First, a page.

When you see the aurora on a regular basis, you reduce the time watching it or staying up because the aurora forecast calls for a big display. When you live in a northern country for a while, the aurora must turn pink or red for you to be excited like a kid on Christmas.
In the zero years, the frequency of aurora activity went down. It even was relatively low when it was supposed to go up again in response to the Sun’s activity. At that time, we were lucky that friends from Europe who took the effort to visit in winter got to see an aurora. Read what to pack for aurora watching.
Aurora Affects Radio Communication
When the occurrence of free electrons is huge, they influence radio-wave propagation. The ion concentration increases with altitude to a maximum concentration at about 300 km (186 miles) above mean sea level.
The impact of the aurora activity on radio-wave propagation became a big problem during WWII. The, as part of the lend-lease act male pilots flew aircrafts from Fairbanks to Russia. Women flew them from the Lower 48s to Fairbanks, but weren’t allowed to fly the combat zone leg. Note I once met one of them, and she was a tough cookie in the most positive sense.
Since radio communication was important also after the war, Fairbanks became an aurora research center. On the spaceport Poker Flat, Alaska, scientists launch rockets for research on the aurora.
Today we still have disturbances in local cell phone calls due to aurora activity.
Why You Can Receive Shortwave Radio in Mid- and Low Latitudes at Night
The ionosphere shows three distinct layers, called the D-, E-, and F-layer. Recall the ionization depends on solar radiation. After sunset, the ion concentration goes down especially in the D- and E-layer that are closer to the Earth than the F-layer.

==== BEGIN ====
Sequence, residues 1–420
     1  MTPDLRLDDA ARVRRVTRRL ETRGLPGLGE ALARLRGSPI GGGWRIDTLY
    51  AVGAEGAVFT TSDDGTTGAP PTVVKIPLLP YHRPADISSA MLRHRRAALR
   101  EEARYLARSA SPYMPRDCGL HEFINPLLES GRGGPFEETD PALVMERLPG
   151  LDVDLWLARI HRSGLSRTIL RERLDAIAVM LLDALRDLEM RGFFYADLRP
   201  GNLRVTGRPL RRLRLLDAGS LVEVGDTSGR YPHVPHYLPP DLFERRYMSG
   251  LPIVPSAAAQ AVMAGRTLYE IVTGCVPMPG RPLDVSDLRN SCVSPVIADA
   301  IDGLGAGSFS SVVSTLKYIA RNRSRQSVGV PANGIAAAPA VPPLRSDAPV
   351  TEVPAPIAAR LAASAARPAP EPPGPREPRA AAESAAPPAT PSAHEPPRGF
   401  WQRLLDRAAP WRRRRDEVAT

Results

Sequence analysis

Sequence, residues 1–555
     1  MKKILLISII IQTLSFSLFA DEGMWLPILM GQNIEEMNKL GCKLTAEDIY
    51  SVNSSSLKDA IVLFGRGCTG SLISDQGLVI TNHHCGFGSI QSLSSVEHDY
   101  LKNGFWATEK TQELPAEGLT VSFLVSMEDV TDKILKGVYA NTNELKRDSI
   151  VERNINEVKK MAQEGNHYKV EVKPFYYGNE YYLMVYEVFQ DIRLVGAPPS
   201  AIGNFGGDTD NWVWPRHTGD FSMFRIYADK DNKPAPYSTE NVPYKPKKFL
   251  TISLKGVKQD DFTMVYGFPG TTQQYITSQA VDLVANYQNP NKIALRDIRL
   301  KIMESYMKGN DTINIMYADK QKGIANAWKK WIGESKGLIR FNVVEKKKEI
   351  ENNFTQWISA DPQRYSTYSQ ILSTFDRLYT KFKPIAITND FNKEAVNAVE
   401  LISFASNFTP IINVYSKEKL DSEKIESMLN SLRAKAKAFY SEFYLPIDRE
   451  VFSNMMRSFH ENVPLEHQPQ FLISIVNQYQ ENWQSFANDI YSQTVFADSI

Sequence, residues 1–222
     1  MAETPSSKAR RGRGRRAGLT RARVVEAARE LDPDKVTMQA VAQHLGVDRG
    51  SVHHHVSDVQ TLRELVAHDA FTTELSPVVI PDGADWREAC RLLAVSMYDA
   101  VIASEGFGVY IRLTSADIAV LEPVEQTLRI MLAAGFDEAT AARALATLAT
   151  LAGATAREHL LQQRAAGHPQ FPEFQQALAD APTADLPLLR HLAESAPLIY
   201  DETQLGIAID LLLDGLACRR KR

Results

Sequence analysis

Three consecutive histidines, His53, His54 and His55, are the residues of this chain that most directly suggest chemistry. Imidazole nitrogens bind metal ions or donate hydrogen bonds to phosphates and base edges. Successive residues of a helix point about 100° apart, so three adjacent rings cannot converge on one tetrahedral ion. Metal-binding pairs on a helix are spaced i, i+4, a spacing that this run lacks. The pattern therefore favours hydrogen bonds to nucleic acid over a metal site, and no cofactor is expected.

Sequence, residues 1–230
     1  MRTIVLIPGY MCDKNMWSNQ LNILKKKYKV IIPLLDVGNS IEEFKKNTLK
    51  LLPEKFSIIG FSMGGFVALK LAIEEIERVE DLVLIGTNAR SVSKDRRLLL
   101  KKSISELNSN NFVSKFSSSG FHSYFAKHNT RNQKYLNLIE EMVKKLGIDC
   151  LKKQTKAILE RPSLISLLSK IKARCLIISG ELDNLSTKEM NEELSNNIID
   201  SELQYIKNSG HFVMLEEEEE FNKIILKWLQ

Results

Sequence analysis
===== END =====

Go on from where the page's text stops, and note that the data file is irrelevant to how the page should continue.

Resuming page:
The D-layer absorbs AM radio-waves. However, the D- and E-layer are non-existent at night because the sunbeams passing the globe do not reach them on the night side. Thus, at night, the AM radio-waves propagate to the F-layer that reflects them back to Earth. The Earth’s surface reflects the AM radio-waves as well. Consequently, at night, AM radio-waves can overcome the Earth’s curvature and AM broadcasts can be received far away from the radio station.
New Year’s Eve Fireworks under the Aurora
I always wanted to take a photo of the New Year’s Eve fireworks under the aurora. This New Year’s Eve, I finally was lucky, but unfortunately not prepared. One would need a tripod due to the long exposure needed. We saw the aurora and fireworks on our way home from a dance performance we had given. Since we had the camera with us, I just took a chance. The photo turned out acceptable given the circumstances. What do you think?
Every northern culture has its stories and legends around the Northern Lights. In many of them, the aurora is related to spirits. Some of these legends relate the whistling and crackling noise that sometimes accompanies an aurora to the voices of the spirits communicating with the people on Earth.
One legend interprets the aurora as a spirit in great demand in helping by the best shamans. In this case, the spirit is seen as alive as the men and women on Earth. The aurora is thought to come close when you whistle at it. If you spit at it, the aurora would gather in the middle and form a new display. I never tried either of them.
One Eskimo legend associates the aurora with the ballgames of the deaths. Playing ball with a walrus skull is a favorite game among Eskimos. The goal is to kick the skull in such a way that it lands with the tusk downward to stick to the ground. This ballgame of the departed souls becomes visible as the aurora.
When you liked this aurora post let your friends know about it by tweeting them I found a great post on the aurora. #aurora #Alaska Click To Tweet
Akasofu, Syun-Ichi, 2002. Exploring the Secrets of the Aurora, Springer, New York.
Akasofu, Syun-Ichi, 2009. The Northern Lights: Secrets of the Aurora Borealis. Alaska Northwest Books.
Mölders, N., Kramm, G., 2014. Lectures in Meteorology, Springer, New York.
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Photos of aurora with fireworks: N. Mölders